You must have seen the articles. Now is the time to learn to code. Then the week after, you shouldn't learn to code.
So while there is this flip-flopping from one to another, probably as the articles are written or made for by companies that want you to believe their agenda. The thing is, the one skill you need is the ability to be flexible and change.
In Carol Dweck's book "The Growth Mindset" she talks about two different people in life.
A fixed mindset has a desire to look smart, they avoid challenges, give up easily, see effort as fruit less and ignore feedback. They will want to be the smartest person in the room. They are defined by what they are. They don't believe that circumstances can change them. They don't believe that there is anything else to learn. These people don't take responsibility for themselves. They think that information is power. They keep what they know to themselves and they won't share. These are the fixed mindsets.
Growth mindset want to learn, embrace challenges, persist in the fact of setbacks, see effort as the path to mastery, learn from feedback. They see education as an onward process. Often these people will read books / kindles and listen to podcasts. They want to experiment. They are interested in other people's feedback as it will help them grow.
When, Satya Nadella, CEO of Microsoft was asked what was the secret of the Microsoft turnaround, he didn't say himself (classic fixed mindset comment) but to this concept (classic growth mindset comment).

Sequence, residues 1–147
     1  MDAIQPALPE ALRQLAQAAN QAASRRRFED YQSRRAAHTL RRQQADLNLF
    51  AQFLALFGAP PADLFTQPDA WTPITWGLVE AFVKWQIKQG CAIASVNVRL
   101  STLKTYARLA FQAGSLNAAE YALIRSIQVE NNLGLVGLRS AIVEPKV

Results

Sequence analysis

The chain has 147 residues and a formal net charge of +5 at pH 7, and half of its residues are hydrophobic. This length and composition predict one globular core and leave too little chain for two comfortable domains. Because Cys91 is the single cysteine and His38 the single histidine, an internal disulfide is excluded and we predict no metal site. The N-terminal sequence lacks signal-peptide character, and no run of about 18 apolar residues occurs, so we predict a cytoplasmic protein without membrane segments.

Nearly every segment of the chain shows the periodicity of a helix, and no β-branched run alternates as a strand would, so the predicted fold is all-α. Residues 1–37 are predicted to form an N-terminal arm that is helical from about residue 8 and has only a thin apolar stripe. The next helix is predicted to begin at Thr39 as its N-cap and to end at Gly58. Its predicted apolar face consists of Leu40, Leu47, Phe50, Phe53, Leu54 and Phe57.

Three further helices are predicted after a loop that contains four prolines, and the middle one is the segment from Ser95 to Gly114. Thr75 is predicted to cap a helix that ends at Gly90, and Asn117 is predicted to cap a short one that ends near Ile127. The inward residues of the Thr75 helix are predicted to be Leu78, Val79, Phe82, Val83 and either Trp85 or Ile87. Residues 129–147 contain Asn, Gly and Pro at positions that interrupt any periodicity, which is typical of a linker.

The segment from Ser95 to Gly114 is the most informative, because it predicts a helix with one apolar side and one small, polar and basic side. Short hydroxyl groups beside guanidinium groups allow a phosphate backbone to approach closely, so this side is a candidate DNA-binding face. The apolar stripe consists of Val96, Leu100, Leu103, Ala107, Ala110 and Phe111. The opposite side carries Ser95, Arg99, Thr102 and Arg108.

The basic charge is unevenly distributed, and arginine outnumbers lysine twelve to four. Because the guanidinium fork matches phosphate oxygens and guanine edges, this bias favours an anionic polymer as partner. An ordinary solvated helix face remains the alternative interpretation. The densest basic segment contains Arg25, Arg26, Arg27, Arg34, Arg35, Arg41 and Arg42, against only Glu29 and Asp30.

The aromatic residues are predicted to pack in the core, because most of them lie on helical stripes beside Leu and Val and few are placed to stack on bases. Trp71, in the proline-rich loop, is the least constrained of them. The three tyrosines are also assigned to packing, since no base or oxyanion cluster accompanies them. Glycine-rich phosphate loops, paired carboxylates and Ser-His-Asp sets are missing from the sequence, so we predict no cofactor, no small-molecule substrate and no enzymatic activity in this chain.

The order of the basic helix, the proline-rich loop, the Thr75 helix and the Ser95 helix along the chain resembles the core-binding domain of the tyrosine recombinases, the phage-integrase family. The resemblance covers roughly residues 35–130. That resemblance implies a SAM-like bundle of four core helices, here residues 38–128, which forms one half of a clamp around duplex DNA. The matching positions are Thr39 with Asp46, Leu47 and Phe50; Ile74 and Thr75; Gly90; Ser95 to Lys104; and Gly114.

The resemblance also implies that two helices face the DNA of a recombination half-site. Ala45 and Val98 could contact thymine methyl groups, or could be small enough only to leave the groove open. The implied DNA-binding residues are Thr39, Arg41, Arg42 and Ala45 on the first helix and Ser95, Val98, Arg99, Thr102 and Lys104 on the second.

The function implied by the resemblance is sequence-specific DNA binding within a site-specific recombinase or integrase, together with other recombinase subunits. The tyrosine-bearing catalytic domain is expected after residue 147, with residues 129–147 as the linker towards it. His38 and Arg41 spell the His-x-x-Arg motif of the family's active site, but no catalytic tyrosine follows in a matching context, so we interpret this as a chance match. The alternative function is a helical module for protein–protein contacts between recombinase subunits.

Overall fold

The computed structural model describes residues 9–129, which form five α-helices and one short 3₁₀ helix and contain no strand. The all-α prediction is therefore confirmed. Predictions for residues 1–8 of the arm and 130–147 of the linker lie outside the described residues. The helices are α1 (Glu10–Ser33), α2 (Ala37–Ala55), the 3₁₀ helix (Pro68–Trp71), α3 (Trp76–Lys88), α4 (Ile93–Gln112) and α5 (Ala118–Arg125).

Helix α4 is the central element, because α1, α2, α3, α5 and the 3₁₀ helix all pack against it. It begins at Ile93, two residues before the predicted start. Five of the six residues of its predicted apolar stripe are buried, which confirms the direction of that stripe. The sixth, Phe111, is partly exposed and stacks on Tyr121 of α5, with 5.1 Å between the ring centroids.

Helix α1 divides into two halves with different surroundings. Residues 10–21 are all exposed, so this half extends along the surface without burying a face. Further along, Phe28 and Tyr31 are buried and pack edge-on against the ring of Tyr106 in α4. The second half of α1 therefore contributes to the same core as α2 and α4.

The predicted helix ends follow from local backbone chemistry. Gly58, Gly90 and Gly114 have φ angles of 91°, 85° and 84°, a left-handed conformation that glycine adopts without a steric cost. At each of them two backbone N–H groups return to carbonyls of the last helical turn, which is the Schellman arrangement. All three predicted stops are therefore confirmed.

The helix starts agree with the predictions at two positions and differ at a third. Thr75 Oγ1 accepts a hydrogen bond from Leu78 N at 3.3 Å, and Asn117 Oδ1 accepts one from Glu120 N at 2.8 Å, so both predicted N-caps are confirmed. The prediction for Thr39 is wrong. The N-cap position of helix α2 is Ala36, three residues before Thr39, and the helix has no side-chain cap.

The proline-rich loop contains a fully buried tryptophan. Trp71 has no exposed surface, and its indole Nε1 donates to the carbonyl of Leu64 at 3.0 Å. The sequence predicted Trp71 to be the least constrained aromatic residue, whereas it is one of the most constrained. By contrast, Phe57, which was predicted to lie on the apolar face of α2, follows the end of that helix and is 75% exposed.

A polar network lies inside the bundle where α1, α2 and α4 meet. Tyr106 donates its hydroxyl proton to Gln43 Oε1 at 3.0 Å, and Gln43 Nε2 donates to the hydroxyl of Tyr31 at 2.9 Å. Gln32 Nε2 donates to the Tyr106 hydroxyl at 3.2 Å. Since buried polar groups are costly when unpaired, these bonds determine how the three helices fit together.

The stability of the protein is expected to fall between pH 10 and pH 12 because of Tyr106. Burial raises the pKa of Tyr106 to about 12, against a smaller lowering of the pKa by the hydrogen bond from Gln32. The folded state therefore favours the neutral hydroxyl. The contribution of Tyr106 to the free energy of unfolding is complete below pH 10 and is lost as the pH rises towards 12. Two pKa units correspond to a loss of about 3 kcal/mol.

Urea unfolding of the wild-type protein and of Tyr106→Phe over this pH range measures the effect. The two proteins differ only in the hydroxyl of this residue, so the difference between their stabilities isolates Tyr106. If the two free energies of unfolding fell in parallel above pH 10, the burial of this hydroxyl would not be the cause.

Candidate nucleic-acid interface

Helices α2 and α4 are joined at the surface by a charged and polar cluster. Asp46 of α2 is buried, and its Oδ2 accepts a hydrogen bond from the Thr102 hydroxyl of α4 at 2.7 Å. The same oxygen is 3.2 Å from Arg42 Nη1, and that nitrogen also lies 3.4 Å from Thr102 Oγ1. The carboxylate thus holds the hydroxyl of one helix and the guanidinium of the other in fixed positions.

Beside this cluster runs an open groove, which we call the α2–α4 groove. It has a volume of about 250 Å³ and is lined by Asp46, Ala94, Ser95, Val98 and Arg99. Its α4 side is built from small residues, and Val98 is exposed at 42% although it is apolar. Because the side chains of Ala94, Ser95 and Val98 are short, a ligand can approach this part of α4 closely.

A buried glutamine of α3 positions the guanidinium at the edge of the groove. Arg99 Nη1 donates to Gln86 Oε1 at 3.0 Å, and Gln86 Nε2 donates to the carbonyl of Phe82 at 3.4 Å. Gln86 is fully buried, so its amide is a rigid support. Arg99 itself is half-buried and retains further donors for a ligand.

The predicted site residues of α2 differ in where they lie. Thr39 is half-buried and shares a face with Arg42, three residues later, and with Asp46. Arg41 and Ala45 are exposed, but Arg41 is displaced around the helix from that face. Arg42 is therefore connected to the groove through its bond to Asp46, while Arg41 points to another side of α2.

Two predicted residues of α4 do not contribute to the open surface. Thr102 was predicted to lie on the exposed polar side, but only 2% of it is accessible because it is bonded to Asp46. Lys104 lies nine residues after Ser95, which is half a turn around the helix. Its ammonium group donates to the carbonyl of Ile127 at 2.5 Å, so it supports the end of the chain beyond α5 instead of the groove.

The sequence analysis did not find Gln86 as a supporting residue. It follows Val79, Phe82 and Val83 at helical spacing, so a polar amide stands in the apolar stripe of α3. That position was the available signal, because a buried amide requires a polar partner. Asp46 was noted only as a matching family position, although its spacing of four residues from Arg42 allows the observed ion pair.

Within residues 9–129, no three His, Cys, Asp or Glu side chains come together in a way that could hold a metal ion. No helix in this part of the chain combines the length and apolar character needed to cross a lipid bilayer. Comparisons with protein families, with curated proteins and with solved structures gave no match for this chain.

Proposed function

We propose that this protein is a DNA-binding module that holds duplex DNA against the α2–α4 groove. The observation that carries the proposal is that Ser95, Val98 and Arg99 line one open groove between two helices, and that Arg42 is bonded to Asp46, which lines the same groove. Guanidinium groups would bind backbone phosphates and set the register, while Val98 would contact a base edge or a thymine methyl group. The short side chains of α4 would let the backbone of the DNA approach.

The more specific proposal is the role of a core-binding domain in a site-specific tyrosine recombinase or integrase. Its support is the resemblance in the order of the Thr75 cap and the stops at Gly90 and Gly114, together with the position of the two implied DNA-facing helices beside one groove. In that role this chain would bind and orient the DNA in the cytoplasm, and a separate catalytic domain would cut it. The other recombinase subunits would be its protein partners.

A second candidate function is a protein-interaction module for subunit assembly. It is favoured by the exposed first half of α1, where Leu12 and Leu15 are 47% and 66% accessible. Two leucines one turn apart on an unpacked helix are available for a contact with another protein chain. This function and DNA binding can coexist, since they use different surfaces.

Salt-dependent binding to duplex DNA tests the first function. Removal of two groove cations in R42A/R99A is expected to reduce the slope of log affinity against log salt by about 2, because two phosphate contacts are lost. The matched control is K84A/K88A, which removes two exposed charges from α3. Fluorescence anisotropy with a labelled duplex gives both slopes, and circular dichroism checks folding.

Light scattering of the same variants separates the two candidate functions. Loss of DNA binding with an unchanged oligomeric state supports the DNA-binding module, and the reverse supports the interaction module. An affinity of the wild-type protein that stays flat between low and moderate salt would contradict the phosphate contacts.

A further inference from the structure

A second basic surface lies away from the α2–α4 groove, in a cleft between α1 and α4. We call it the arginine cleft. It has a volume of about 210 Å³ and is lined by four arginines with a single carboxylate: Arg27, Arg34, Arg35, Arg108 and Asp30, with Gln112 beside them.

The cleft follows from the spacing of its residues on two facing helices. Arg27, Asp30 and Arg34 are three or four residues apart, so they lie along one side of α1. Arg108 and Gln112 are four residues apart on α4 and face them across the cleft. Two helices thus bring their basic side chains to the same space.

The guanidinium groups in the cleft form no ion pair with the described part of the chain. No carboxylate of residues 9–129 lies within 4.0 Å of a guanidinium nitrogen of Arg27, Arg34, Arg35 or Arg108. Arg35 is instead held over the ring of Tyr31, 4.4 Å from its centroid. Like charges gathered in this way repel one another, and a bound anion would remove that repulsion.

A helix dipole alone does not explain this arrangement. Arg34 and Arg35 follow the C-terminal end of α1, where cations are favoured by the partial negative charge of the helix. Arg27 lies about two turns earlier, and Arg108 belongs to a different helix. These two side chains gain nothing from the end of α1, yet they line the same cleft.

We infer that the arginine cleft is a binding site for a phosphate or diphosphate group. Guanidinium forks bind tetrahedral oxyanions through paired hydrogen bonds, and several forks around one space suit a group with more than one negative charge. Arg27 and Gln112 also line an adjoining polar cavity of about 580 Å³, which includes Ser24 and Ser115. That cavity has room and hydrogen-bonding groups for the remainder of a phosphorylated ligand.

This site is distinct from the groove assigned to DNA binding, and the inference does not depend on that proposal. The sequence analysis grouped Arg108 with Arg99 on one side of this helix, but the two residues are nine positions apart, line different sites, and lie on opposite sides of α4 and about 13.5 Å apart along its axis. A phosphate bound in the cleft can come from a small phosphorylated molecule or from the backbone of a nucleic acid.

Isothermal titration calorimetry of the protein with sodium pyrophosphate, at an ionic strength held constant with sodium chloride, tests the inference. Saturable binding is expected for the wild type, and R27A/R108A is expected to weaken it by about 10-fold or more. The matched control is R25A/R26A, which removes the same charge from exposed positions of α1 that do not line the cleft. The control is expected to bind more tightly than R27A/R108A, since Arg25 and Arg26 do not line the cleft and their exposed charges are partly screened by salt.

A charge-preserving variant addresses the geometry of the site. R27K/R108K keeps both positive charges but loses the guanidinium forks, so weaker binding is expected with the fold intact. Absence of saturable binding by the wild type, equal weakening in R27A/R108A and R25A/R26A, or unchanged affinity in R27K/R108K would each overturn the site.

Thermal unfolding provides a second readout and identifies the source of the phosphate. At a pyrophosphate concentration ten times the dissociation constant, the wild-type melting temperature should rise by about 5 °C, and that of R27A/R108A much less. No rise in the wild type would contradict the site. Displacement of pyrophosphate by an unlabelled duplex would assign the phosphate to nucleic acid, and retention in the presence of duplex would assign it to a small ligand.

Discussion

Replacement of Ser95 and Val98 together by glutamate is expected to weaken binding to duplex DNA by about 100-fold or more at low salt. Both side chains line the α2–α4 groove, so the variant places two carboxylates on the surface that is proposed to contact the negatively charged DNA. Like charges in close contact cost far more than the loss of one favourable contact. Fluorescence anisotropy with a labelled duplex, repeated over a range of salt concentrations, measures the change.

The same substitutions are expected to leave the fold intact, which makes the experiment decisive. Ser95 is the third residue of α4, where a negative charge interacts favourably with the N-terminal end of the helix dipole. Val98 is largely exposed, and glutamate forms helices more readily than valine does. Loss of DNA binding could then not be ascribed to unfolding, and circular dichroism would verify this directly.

I met with a Managing Director of a large retail company this week and I was blown away with his mindset. He is a big reader, he also has an one hour (each way) commute into London and he uses that to listen to podcasts. From a business perspective he has experimented with his business he tries new things. For example, he is experimenting with social. His Linkedin presence gets him 25 "leads" a week. Not saying he closes 25 deals, but think what could happen if your CEO got you 25 leads a week?
This MD was clearly a Growth Mindset and is killing it on social.
If you look at this list, you see a set of topics we all deal with every day — trying to adapt to constant change; prioritizing our time to work on the most important things; learning to listen and collaborate in a team; and understanding how to communicate our ideas, findings, and recommendations in a compelling way. These “soft skills” (that term has to be retired, by the way) are complex and behavioral in nature, and they represent what we now call the “uniquely human skills” that cannot be done by machines.